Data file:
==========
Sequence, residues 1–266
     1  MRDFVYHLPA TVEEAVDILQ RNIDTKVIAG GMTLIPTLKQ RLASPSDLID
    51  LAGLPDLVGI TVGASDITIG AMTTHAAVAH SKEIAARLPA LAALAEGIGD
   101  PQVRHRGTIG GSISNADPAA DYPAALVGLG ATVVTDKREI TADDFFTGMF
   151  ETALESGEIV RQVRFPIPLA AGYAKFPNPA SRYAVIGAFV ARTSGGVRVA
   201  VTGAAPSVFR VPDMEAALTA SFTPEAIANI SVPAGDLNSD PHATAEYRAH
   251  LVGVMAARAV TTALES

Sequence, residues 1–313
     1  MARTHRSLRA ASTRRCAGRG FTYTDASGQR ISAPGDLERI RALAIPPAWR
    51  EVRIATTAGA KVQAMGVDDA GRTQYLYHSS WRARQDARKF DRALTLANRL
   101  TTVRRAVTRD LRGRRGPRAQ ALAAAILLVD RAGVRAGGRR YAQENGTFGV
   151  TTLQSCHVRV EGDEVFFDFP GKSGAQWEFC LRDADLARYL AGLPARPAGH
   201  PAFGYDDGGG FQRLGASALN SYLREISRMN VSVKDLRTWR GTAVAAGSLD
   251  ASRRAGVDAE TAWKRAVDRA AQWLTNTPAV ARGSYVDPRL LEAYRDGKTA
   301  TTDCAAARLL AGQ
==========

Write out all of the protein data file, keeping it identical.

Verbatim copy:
Sequence, residues 1–266
     1  MRDFVYHLPA TVEEAVDILQ RNIDTKVIAG GMTLIPTLKQ RLASPSDLID
    51  LAGLPDLVGI TVGASDITIG AMTTHAAVAH SKEIAARLPA LAALAEGIGD
   101  PQVRHRGTIG GSISNADPAA DYPAALVGLG ATVVTDKREI TADDFFTGMF
   151  ETALESGEIV RQVRFPIPLA AGYAKFPNPA SRYAVIGAFV ARTSGGVRVA
   201  VTGAAPSVFR VPDMEAALTA SFTPEAIANI SVPAGDLNSD PHATAEYRAH
   251  LVGVMAARAV TTALES

Sequence, residues 1–313
     1  MARTHRSLRA ASTRRCAGRG FTYTDASGQR ISAPGDLERI RALAIPPAWR
    51  EVRIATTAGA KVQAMGVDDA GRTQYLYHSS WRARQDARKF DRALTLANRL
   101  TTVRRAVTRD LRGRRGPRAQ ALAAAILLVD RAGVRAGGRR YAQENGTFGV
   151  TTLQSCHVRV EGDEVFFDFP GKSGAQWEFC LRDADLARYL AGLPARPAGH
   201  PAFGYDDGGG FQRLGASALN SYLREISRMN VSVKDLRTWR GTAVAAGSLD
   251  ASRRAGVDAE TAWKRAVDRA AQWLTNTPAV ARGSYVDPRL LEAYRDGKTA
   301  TTDCAAARLL AGQ